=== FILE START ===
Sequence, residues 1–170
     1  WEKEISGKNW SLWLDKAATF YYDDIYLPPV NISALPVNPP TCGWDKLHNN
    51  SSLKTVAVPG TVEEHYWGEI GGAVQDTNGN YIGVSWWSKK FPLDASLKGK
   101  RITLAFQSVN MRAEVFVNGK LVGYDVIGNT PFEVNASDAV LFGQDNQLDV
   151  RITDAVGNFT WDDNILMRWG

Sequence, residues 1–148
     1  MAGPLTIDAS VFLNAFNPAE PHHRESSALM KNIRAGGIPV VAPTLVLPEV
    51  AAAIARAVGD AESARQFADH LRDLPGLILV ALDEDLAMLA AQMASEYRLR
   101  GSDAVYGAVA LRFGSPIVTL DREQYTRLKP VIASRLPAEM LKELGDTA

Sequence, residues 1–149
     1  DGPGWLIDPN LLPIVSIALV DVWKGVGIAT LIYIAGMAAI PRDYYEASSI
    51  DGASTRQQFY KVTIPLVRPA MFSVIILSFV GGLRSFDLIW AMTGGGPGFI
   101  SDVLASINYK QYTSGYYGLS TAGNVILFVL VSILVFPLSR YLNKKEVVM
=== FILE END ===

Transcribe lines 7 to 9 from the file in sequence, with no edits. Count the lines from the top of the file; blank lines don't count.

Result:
     1  MAGPLTIDAS VFLNAFNPAE PHHRESSALM KNIRAGGIPV VAPTLVLPEV
    51  AAAIARAVGD AESARQFADH LRDLPGLILV ALDEDLAMLA AQMASEYRLR
   101  GSDAVYGAVA LRFGSPIVTL DREQYTRLKP VIASRLPAEM LKELGDTA